My main subjects for photographing were cats, as I had two and also often fed a friend’s menagerie while she was on holiday, and cars as I visited quite a few car shows/meets. Also wolves, as I was a member of the UK Wolf Conservation trust and visited their open days and went on a wolf walk each year. It wasn’t hard to get into the habit of taking my camera with me when visiting anywhere, just in case there was something interesting to shoot!

Onwards and Upwards

The D60 kept me happy for a year, but the D90 came out and tempted me. It had much better performance, resolution, auto-focus drive screw for more lens choice. I found someone who was interested in buying my D60 for a reasonable price, so made the jump to the D90. I also acquired a few more lenses – finally getting a “walkabout” zoom (Sigma 24-70mm f2.8) and a macro lens (Tamron 90mm), plus I bought some cheap old manual lenses via ebay. Another obvious purchase was a flash (SB-600) to be able to do off-camera flash.

As the D90 was a very capable camera I managed to resist the temptation to upgrade further for a couple of years. Other than jumping to full frame, which wouldn’t be compatible with some of my lens collection and would cost loads more, there wasn’t anything else to tempt me. The D7000 then got released. The D7000 wasn’t worlds ahead of the D90, but it had just enough small improvements for me to get tempted again (e.g. higher resolution sensor with better low light performance, aperture coupling ring to meter on the manual lenses I had, superior AF system, more robust body). I had a friend who was interested in my D90 and so with being able to get some money for that I decided to make the jump.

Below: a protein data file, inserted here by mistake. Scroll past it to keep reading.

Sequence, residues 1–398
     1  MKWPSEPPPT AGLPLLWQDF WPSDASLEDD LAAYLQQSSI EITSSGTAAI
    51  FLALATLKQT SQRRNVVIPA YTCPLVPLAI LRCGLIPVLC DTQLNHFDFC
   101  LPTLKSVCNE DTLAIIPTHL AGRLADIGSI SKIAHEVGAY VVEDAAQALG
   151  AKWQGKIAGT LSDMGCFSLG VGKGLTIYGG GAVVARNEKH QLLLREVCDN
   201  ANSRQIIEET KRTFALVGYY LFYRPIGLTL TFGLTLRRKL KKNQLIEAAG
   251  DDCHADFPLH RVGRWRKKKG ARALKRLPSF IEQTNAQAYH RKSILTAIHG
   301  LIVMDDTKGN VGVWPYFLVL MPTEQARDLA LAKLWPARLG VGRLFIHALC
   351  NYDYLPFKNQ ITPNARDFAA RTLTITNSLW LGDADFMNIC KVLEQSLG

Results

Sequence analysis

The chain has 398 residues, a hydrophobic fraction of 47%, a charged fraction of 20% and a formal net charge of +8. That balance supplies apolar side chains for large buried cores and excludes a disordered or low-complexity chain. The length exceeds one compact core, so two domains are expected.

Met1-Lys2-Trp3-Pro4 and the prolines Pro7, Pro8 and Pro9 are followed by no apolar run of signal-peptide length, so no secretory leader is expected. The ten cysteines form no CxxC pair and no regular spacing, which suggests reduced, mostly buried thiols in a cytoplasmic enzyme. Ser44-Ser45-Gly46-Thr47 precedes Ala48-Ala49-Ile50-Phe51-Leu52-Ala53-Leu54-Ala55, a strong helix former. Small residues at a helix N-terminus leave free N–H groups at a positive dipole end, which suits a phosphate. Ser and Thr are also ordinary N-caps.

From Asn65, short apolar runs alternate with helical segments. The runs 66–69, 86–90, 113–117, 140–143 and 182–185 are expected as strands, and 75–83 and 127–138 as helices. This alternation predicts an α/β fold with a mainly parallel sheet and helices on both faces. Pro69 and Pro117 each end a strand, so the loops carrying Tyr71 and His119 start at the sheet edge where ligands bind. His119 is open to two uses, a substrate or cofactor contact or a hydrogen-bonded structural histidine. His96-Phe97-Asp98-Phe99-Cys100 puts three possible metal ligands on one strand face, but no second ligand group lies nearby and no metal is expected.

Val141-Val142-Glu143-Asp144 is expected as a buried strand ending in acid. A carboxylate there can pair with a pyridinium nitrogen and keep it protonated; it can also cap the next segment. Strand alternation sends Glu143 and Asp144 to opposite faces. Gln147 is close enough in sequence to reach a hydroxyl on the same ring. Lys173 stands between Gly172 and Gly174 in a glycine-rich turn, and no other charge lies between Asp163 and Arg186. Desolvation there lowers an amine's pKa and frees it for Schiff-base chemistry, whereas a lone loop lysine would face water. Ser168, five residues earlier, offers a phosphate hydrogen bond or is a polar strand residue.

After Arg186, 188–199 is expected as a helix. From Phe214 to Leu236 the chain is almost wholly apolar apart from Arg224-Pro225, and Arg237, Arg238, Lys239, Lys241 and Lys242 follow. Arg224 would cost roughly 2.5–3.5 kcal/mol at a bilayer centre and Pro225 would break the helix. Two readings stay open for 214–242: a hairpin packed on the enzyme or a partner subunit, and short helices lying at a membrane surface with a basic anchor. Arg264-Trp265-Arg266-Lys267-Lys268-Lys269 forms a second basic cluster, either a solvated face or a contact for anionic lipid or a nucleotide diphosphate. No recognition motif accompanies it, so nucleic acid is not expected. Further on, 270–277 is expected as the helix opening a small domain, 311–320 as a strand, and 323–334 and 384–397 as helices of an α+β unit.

Nikon D7000

I’ve now had the D7000 for 4 years and it’s still going strong. I’ve no urge to jump to full frame and the D71000 and D7200 don’t add enough extra over the D7000 for me to bother moving to either of those. I suspect I’ll stick with the D7000 until it breaks or I win the lottery and get tempted to go full frame. The only other lens acquisition has been a 70-300mm VRII lens – since getting the 24-70mm I really only used the 18-200mm for the long end of the zoom range, and the 70-300mm VRII lens is a better complement to the 24-70mm. I’ve acquired a second flash (this time a Yongnuo YN565EX as it supports Nikon’s CLS but is a lot cheaper) plus flash stands and umbrellas.

My main subjects for photography have remained cats and cars, as well as animals during zoo visits, but I have also tried a few other things. I took a few shots while attending a wedding of a member of my partner’s extended family – it turned out afterwards that the couple were rather let down by the results from official photographer on the day so they were quite pleased I’d managed to capture a few nice moments from the day. I’ve photographed the choir my partner sings in – they used a couple of shots on their website. A friend needed a portfolio of shots of her son, so I had a go at that. I’ve tried doing portraits of colleagues for Linked-in profile photos. A car club I belong to has just-for-fun photography competitions each month, so I try capture something most months to contribute to that (the themes set are quite varied, rather than just being car-based). There’s a pair of local Red Kites which range over the village, so on occasion when they’ve been lower in the sky and nearer I’ve tried to photography them. Most years I pop along to “Wings and Wheels” and get some shots of the planes performing aerobatics. With the flash guns I’ve had a go at action photography of my cats, with some of the shots being used to advertise cat toys and I’ve also had a couple of my cat photos used in cat-related books as well. Oh, and finally, it seems I can’t resist taking shots using curved reflective surfaces.